In an interesting development, one of Israel's two chief rabbis, R' Shlomo 'Amar has written a letter to Qatari Sunni legal scholar Sheikh Yusef Qardawi, criticizing the recent remarks of the Pope. Here is an excerpt from the letter, which R' 'Amar wrote in Arabic:
Our way is to honor every religion and every nation according to their paths, as it is written in the book of prophets: 'because every nation will go in the name of its lord.'"Israel has a Sephardi and an Ashkenazi Chief Rabbi. R' 'Amar was born in Casablanca, Morocco in 1948. He came to Israel at the age of 14.
Even when there is a struggle between nations ... it cannot be turned into a war of religions.
The letter was preceded by an introduction written by R' Menahem Froman, the head rabbi of Tekoa, a settlement in the West Bank. R' Froman has been involved in interfaith dialogue with Muslim leaders for years. In his introduction, he writes that
every Jew who learns the writings of the great sages - who, at the head of them all stands Maimonides - knows that our great thinkers wrote in the Arabic language, lived in Islamic states and participated with the great Muslim thinkers in the effort to explain the words of God, according to the paths of the sages and amidst the difficult bloody battles that we have had since the beginning of Zionism with the Muslims.This is a rabbi identified with the national-religious camp, who studied at Yeshivat ha-Kotel and taught at Makhon Me'ir, two places not usually known for their affinities to such views.
In another twist, the letter was delivered to Sheikh Qardawi by the leader of the Islamic Movement in Israel, Sheikh Abdullah Naimar Darwish.
Just two days ago, the head of the northern branch of the Islamic Movement Sheikh Ra'ad Salah, a known radical, announced that Jerusalem would soon become the capital of an Islamic nation. In front of a crowd of 50,000, he declared that Israel's "occupation" of the Temple Mount was approaching its end. Just to pour a little more oil on the fire, he accused the Israeli government of damaging the al-Aqsa mosque in Jerusalem (Ha'aretz).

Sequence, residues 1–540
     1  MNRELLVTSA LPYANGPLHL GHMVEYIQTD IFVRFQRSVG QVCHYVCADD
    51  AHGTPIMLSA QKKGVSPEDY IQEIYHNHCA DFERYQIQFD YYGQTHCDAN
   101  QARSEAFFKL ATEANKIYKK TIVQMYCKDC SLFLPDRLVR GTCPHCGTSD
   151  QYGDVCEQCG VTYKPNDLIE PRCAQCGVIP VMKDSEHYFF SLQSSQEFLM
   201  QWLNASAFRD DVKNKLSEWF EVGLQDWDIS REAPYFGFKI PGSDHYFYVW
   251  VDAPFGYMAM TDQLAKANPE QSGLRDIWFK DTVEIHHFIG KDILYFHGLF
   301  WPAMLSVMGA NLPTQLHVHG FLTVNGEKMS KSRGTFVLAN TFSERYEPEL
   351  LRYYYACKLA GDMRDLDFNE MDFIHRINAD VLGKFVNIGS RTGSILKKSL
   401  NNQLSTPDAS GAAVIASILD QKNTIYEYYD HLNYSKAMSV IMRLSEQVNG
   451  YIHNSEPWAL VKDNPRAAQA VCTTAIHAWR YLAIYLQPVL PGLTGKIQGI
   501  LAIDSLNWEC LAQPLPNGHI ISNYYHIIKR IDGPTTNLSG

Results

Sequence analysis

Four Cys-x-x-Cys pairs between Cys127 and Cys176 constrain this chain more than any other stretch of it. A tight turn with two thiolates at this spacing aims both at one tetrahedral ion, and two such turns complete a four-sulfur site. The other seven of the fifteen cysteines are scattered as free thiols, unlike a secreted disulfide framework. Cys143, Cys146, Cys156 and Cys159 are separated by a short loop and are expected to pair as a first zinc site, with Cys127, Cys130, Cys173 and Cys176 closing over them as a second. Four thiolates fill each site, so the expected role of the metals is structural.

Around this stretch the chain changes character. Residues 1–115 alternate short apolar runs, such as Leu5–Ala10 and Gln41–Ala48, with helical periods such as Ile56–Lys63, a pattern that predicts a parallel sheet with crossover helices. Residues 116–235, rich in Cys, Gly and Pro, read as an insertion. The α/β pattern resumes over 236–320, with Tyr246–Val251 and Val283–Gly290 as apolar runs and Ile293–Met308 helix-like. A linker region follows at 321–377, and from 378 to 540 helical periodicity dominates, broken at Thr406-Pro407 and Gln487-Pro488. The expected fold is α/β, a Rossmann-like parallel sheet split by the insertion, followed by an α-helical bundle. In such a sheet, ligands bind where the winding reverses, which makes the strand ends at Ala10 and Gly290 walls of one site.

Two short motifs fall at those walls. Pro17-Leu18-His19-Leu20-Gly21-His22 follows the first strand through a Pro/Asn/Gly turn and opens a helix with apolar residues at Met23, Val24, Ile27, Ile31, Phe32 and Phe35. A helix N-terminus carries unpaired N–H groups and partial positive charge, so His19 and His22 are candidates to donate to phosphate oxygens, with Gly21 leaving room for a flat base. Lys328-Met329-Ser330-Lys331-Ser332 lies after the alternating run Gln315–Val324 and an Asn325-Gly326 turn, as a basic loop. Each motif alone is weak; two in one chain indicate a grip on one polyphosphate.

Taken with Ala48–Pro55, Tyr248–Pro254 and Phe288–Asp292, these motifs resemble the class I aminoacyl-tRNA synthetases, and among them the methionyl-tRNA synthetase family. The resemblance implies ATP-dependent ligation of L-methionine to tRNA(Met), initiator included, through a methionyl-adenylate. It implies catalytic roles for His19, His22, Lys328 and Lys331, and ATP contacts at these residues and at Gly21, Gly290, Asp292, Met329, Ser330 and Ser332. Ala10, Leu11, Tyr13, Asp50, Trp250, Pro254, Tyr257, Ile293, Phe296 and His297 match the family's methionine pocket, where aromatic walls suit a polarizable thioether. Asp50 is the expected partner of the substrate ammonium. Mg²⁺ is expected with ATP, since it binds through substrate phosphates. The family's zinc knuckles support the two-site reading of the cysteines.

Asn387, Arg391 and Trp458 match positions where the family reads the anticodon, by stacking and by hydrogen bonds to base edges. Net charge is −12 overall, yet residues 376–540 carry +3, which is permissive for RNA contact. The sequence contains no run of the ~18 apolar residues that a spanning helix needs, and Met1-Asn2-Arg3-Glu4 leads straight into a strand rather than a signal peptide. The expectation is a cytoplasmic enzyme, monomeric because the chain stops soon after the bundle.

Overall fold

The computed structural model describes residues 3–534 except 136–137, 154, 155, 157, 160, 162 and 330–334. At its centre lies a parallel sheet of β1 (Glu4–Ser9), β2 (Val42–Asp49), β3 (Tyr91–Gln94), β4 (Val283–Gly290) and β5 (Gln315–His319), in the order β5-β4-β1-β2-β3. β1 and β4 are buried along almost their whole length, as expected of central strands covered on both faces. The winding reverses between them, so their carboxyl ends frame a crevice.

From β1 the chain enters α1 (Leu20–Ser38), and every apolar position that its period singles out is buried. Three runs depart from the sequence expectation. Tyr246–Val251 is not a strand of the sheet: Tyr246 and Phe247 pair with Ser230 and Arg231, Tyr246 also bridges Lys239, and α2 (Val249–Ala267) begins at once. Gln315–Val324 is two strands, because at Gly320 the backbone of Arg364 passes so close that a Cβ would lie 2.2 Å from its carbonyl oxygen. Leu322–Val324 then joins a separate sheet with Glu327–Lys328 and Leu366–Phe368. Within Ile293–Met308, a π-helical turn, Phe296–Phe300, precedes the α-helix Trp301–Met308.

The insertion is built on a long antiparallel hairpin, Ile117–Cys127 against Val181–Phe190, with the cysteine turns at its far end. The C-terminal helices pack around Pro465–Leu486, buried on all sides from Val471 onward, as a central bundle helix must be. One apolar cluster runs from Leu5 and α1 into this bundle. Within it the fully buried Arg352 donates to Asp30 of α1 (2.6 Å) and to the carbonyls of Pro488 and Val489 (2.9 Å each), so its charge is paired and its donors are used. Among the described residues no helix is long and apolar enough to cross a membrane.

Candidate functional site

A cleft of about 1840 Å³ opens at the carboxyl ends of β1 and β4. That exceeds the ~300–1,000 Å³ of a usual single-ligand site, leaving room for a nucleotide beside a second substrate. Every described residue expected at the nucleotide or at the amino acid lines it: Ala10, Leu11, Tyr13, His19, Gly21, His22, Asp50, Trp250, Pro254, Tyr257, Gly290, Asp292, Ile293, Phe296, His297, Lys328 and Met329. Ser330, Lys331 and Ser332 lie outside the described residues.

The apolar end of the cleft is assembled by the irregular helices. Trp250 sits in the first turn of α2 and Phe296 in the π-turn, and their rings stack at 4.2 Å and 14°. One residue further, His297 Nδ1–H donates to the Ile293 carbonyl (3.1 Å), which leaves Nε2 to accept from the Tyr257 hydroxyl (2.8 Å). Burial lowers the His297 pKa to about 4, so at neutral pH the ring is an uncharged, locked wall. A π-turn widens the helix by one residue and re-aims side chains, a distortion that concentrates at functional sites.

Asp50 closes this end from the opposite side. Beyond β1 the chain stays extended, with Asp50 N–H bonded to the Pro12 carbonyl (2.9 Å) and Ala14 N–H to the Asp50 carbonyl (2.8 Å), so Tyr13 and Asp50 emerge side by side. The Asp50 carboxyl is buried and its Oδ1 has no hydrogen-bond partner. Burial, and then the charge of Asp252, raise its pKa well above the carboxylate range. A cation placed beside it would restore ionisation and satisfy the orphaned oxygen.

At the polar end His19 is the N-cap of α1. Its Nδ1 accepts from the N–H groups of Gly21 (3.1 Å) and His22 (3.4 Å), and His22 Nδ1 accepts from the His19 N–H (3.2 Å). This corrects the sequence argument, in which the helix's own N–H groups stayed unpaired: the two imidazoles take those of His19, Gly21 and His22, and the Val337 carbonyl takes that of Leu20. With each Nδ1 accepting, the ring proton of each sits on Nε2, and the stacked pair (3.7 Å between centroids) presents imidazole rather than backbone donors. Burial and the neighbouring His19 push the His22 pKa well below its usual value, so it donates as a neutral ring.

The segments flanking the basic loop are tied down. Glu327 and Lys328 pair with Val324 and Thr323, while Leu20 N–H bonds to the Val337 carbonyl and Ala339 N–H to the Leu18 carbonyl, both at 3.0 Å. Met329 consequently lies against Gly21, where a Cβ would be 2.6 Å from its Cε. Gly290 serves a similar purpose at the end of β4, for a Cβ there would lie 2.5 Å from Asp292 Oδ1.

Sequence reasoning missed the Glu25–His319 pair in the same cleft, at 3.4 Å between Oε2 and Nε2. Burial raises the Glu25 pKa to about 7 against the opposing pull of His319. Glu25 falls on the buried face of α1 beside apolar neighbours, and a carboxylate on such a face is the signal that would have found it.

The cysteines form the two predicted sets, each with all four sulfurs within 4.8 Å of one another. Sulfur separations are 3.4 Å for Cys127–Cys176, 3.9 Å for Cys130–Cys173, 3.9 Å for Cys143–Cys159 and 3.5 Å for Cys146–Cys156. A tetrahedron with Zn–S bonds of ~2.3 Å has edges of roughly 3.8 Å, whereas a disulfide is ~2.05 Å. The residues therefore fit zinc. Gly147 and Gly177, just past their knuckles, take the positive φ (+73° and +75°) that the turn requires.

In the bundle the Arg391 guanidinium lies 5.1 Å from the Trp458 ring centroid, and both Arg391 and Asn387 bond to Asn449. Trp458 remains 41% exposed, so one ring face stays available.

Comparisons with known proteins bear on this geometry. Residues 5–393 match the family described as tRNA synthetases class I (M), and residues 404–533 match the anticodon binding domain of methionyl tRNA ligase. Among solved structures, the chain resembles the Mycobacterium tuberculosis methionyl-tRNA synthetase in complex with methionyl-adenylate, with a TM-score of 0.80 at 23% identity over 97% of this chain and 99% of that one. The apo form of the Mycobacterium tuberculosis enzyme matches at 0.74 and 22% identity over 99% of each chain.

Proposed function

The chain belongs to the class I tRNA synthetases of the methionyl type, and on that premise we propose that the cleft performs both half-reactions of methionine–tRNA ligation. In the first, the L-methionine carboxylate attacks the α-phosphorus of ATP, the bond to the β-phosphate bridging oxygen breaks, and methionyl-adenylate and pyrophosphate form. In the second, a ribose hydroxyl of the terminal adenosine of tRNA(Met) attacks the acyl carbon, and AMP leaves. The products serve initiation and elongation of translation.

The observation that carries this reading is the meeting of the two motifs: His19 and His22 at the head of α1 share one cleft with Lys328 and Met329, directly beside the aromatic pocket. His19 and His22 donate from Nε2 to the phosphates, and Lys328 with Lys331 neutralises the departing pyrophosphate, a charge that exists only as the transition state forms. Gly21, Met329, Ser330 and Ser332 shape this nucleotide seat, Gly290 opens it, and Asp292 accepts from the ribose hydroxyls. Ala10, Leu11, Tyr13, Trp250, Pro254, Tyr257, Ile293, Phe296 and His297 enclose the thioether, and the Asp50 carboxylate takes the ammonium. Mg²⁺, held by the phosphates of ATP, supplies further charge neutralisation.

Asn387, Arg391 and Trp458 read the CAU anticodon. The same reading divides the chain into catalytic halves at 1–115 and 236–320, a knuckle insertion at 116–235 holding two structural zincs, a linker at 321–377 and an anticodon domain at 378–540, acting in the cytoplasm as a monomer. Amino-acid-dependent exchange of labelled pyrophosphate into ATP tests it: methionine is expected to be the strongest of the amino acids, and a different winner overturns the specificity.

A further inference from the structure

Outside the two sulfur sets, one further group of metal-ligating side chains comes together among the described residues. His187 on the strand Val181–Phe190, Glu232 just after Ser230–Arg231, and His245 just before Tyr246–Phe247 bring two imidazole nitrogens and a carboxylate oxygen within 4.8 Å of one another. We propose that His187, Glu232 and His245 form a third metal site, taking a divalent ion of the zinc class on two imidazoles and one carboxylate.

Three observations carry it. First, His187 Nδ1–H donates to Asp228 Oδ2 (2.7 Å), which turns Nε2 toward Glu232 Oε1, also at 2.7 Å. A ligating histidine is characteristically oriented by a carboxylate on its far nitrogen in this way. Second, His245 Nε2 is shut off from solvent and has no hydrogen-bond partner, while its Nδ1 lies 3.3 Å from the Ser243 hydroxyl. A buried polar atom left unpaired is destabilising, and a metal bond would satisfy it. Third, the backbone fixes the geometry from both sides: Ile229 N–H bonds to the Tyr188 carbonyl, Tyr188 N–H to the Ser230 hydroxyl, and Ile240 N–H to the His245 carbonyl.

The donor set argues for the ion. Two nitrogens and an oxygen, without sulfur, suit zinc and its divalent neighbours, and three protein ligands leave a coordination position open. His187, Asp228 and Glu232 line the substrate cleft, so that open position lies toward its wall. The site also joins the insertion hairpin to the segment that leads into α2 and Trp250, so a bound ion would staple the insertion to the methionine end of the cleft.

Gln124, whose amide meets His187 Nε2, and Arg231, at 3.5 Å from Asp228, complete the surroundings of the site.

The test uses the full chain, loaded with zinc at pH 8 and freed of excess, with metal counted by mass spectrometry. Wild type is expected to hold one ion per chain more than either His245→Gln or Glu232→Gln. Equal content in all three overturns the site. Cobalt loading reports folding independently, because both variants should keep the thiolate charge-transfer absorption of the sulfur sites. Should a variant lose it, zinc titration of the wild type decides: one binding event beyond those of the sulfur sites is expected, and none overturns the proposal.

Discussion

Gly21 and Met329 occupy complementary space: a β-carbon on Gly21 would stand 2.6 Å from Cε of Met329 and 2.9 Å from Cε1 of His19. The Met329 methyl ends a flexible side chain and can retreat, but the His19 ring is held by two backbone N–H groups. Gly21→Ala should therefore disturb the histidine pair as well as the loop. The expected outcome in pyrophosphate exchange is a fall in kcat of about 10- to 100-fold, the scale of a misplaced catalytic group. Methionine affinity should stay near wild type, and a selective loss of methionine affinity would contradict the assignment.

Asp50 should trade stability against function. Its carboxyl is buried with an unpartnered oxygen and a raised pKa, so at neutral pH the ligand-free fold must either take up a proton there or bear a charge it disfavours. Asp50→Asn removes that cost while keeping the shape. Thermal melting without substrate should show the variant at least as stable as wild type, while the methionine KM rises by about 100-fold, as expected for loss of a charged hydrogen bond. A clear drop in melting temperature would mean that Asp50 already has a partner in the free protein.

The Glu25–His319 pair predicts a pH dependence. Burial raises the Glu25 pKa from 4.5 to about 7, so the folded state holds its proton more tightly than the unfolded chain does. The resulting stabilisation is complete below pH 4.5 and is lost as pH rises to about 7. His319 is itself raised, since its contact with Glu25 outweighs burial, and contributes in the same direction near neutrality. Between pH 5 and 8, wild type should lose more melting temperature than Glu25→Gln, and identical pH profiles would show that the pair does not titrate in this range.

Meanwhile, churches across the West Bank were attacked on Saturday, and violence against Christians and Christian institutions was reported elsewhere in the region and beyond. The targets included Anglican, Roman Catholic, and Greek Catholic houses of worship.
I appreciate the efforts of R' Amar and R' Froman, and I think Pope Benedict would not disagree with their more general statements. Nevertheless, it would have been nice if they had added some condemnation of the threats against Christians and asked Sheikh Qardawi to speak out against those too.
I do not believe that Pope Benedict actually endorsed Palaeologos's view that Mohammed's innovations were "only evil and inhuman" ones. He should have made his opposition to that part of the Byzantine Emperor's polemic clearer. I am also not sure how correct some of his characterizations juxtaposing Christianity and Islam were. But who can argue with his efforts to condemn the use of religion to promote violence?
The Catholic Church has made significant progress in the past half-century in confronting the injustices committed by Christians, in the clergy as well as well as the laity, which resulted in the persecution or marginalization of Muslims, Jews, "heteredox" Christians, as well as people of other faiths merely on account of their beliefs. I am certain that Pope Benedict does not want to turn the clock backward in this respect. Rather, he is challenging adherents of the world's religions to find peace rather than violence in their traditions.
In any case, it is unacceptable that the Pope's remarks, no matter how critical of Islam, should be turned into a pretext for violence against Christians. All those Muslim religious leaders who, instead of preaching moderation, are further inciting their followers represent precisely the kind of evil that the Pope was talking about. Ironically, they are also likely to further cement the impressions of some observers, who believe that Islam is indeed the "religion of the sword."